What are we to do? James provides a brief answer in 4:7. Most Christians are familiar with James’ declaration to “resist the devil.” We know the temptations we face, and we understand this as a charge to run away from lust, greed, envy, anger, or any other ploy that Satan uses. The problem is that we sometimes forget the first part of the verse. The first step in resisting the devil is submitting ourselves to God. If we focus on God and give more of our time and attention to Him, then we might not face the struggles with lust, greed, envy, anger, etc. that we were dealing with before.

If the best way to combat Satan is to submit to God, then busyness and distraction are sometimes more significant threats than lust or envy. The first question we need to contemplate in our battle against the evil one is, “What is taking me away from God?” A busy schedule might not seem like a threat at all, but if it keeps us from God, it can be deadly. Spending hours on Facebook may seem innocent, but if it distracts us from prayer, study, and helping others, then Satan is winning. James has provided us with the key to winning the battle. We must submit to God. We must guard against busyness and distraction. We must resist the devil, and he will flee from us.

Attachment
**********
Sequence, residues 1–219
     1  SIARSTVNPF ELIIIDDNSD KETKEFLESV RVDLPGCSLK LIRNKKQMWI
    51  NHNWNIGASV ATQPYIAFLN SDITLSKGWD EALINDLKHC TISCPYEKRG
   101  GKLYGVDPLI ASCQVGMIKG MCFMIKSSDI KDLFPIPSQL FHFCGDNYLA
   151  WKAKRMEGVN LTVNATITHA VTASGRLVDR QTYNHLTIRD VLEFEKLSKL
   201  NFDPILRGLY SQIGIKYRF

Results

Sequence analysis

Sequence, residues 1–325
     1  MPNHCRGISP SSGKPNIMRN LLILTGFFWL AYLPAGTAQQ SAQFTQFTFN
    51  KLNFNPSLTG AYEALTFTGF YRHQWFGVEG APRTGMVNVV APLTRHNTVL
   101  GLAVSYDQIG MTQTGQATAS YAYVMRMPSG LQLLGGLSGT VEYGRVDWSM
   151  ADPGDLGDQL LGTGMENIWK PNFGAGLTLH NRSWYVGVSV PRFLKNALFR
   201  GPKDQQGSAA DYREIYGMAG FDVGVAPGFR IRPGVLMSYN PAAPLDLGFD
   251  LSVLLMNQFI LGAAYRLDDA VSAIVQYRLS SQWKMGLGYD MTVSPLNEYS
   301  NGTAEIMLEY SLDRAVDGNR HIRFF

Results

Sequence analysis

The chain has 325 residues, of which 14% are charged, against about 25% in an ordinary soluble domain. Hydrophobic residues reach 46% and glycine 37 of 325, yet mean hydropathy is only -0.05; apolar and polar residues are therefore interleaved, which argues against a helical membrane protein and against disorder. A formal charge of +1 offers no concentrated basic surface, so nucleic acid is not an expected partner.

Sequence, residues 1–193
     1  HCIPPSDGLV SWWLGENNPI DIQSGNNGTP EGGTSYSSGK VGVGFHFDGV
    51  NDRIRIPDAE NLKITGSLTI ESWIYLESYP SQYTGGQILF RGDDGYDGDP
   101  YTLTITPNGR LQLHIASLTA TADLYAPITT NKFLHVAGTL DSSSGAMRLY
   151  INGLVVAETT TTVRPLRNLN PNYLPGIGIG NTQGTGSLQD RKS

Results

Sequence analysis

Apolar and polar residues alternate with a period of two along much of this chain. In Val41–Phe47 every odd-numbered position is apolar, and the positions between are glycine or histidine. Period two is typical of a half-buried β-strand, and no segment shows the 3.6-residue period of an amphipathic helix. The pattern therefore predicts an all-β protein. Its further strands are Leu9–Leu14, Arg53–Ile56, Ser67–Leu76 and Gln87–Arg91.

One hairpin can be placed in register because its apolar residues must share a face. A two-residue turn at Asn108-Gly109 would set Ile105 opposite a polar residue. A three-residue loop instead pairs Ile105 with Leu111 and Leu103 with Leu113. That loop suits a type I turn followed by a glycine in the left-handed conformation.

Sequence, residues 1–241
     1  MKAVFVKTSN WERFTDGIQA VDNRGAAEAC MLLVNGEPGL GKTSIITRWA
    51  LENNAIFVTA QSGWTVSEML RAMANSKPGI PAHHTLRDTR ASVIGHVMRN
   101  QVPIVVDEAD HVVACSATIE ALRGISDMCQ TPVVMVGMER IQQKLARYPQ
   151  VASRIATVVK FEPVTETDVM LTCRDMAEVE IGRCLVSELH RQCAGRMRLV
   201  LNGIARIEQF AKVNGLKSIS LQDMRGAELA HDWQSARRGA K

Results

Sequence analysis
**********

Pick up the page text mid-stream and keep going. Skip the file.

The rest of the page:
Real Life

In the temptation of Jesus, Jesus is enticed by Satan with bread after He has been fasting in the wilderness for forty days. Jesus replies, “It is written, ‘Man shall not live on bread alone, but on every word that proceeds out of the mouth of God’” (Matthew 4:4). This is an important reminder for all of us. Life is more than the food we eat. We need more than a roof over our head. From time to time, we will hear of someone who is quite wealthy who commits suicide. Some people are puzzled by these accounts. Why would someone who has so much, choose to end their life? It is because life is more than possessions. It is more than food, clothing, cars, houses, etc. One does not live by bread alone.